I hate being told what to do. Particularly at brunch. I’m an only child—and a Bitch—so of course I hate it.
This was how brunch began at Ankara, when I was brunching with my parents and the real boss, our Maltese-Shih Tzu, Daisy Mae.
As we sat down, the waitress sternly explained the rules of brunch. We all had to participate in the bottomless and endless brunch, if one of us wanted to do so. Or we must order lunch. And we had to decide right now.
I was exhausted—a busy week of work followed by my parents arrival, you see. It was pouring rain. I just wanted a cup of coffee, a glass of water, and some eggs. I didn’t feel like sitting down and immediately being told what to do. I already had my parents there for that. And, who wants rules at brunch?
We were invited in to brunch at Ankara, which offers a bottomless-and-endless brunch for $37. Brunch includes a starter of sweet and savory Turkish appetizers, followed by whatever you want on the menu. This $37 also includes Turkish tea, mimosas, Bloody Marys and vodka drinks. It’s actually a great deal—as it basically includes everything.
But, you don’t have to order everything.
The waitress was, in actuality, absolutely lovely. We simply began on the wrong foot. She’d clearly been instructed to be very clear on the brunch rules—lest people take advantage of the great deal. She proceeded to charm the pants off all of us: carding my 65-year-old father for his Bloody Mary, befriending the bossy puppy, and impressing me by generally being attentive, good-natured and lovely. She was also absolutely beautiful—I had half a mind to ask her if she was single and set her up with my most eligible guy friend.
Brunch began with the Chef’s selection: Kalamata olives marinated in extra Virgin olive oil. Labneh, strained yogurt dip; Htipiti, the traditional Turkish red pepper dip with Feta, Thyme, and olive oil. Of course, there was hummus, which was delicious. It was all served with delicious, hot and fluffy Turkish bread—served with honey, raspberry jam and butter. Slathered with butter and honey, this bread was immensely satisfying. I’m accustomed to the traditional Turkish spread—Istanbul is one of my favorite cities—and we all have our favorites. For me, it’s the red pepper spread and the olives. My mother loved the hummus, but eschewed the yogurt dip. My father enjoyed them all.
For the main course, you can order omelets or eggs. Mom ordered the Aegean, with spinach, tomato and feta. Dad ordered the Mediterranean, with tomato, green pepper, and kasar cheese. I ordered the scrambled eggs with spiced beef sausage.
The eggs were all lackluster. Each dish was incredibly dry and lacked flavor. So much so that my mother sent hers back—politely requesting a different dish—the Mozzarella omelet—and asking that it be cooked properly.
“I think this about a C, guys, I’m sorry.” I said to the parents—apologizing for not bringing them somewhere awesome for their visit. My mother is the type of woman who cries for the team that loses the Super Bowl. She sees the good in everything and everyone and is nice to pretty much everyone. Her patience and generosity astounds me. I acquired her generosity of spirit but not her patience.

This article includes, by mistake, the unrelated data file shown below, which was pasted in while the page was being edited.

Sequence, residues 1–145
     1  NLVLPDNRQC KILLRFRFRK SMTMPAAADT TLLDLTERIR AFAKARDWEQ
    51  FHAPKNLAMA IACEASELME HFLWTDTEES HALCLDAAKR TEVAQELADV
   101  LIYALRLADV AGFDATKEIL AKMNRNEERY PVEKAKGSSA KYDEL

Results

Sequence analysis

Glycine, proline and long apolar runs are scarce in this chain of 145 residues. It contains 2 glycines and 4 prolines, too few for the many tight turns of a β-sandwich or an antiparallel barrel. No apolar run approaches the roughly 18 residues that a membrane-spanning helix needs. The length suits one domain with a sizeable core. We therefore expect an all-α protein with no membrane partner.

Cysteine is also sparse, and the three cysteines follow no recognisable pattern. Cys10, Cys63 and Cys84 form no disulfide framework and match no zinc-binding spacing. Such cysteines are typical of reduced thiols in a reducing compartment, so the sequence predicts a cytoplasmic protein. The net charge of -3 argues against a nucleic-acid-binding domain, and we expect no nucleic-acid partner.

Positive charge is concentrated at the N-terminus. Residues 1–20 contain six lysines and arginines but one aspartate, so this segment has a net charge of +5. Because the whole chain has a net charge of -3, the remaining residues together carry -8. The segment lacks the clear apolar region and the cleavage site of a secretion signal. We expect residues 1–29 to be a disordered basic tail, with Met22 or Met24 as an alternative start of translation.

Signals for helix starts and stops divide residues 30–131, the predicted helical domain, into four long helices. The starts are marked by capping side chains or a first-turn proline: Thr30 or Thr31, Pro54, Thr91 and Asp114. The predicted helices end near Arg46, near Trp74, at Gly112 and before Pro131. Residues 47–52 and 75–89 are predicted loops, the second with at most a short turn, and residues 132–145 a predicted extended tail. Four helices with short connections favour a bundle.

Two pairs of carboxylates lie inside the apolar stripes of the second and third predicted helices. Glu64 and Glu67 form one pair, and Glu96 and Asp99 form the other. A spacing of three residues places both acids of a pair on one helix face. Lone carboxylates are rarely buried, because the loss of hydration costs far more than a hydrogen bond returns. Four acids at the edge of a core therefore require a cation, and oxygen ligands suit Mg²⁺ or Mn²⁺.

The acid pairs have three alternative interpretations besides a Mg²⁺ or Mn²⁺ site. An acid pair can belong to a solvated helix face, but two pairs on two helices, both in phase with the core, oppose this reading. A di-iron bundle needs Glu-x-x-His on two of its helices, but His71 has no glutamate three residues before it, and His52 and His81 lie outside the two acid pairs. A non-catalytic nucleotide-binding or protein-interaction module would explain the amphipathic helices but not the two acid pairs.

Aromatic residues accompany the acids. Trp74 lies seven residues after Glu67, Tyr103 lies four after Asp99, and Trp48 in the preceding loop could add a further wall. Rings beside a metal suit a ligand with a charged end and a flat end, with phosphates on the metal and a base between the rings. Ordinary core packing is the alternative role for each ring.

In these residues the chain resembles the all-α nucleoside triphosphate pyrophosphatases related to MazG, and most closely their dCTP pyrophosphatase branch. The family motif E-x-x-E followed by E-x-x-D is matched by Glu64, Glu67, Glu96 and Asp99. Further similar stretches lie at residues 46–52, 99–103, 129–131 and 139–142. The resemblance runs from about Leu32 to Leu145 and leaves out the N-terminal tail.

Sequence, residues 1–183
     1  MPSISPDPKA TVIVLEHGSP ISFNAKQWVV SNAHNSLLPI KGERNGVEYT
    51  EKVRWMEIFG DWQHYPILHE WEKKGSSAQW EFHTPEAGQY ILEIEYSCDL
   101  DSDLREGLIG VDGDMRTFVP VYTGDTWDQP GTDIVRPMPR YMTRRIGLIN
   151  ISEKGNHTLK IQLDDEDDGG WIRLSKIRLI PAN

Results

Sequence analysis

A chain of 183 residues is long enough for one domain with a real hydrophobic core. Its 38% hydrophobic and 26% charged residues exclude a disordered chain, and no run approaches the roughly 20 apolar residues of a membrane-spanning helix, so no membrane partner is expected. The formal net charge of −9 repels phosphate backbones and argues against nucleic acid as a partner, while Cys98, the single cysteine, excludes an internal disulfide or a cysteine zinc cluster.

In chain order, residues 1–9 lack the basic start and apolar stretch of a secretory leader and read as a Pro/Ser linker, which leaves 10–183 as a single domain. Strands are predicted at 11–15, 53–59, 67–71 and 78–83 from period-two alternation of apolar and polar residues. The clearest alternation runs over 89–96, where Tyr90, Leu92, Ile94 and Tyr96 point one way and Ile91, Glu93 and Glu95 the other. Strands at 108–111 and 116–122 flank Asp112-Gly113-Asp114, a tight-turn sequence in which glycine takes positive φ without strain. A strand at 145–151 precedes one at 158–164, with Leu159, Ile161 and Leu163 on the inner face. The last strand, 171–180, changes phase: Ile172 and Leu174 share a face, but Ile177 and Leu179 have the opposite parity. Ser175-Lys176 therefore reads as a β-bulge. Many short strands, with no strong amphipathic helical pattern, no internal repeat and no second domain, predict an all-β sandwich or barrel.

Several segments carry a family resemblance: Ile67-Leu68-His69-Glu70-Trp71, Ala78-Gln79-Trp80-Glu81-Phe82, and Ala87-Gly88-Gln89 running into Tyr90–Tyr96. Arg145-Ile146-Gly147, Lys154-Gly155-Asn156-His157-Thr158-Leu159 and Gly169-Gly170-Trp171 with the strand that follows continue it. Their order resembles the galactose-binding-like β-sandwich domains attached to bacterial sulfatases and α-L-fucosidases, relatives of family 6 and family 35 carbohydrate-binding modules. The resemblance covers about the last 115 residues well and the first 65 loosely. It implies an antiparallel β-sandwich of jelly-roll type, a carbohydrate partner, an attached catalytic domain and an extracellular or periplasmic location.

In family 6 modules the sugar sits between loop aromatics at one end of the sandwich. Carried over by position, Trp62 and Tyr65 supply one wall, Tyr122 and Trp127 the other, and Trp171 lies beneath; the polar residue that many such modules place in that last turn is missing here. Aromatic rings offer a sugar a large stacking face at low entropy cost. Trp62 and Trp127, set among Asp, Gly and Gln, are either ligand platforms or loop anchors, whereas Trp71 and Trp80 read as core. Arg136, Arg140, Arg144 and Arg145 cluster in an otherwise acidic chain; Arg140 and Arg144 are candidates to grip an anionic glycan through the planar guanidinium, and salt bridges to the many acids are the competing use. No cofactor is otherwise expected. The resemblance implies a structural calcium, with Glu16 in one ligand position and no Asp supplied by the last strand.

“Make sure you mention that the restaurant as incredibly clean and the service was impeccable.” she said, feeling guilt by association for the forthcoming lackluster review—despite moments earlier being supremely dissatisfied with her dry eggs. “Will you at least give them a C+? They deserve the plus.” she said.
The food at Ankara is average. I’ve honed my palate over the years of writing reviews and luckily the dining options available in Washington have improved over the years as well. The food is authentically Turkish—and I like Turkish food. The ingredients are not the best to begin with and the preparation is just lackluster—at least for the entrees. The dips and starters are great—good for happy hour, maybe.
We hadn’t yet made it to the desserts, which were pretty good and authentically Turkish. We had all three desserts: Baklava, rice pudding, and an apricot dish. They were served with Turkish tea, which was delightful. The apricot dish was dried apricots stuffed with a walnut, topped with pistachio crumbles, and served with a sweet Marscapone spread. This dessert was the waitress’ favorite, and it was ours too—it was unique and delicious.
I will say a few strong things about Ankara: it’s great for groups—the restaurant and its patio are enormous. The bottomless is affordable—$37 for all you can eat and drink. It’s a great spot if you’re a young 20-something with a tight budget and you want to go to brunch with you friends.
The Bitches say: C+. Ankara offers authentic Turkish food in a lackluster restaurant that’s incredibly clean with great service. There’s an enormous patio and a cheap bottomless and endless option. If you want Turkish brunch, bottomless brunch, or Turkish brunch with bottomless, go there. If you want a gourmet or fine dining experience, do not.
1320 19th St. N.W.
Ankara serves brunch Saturdays and Sundays.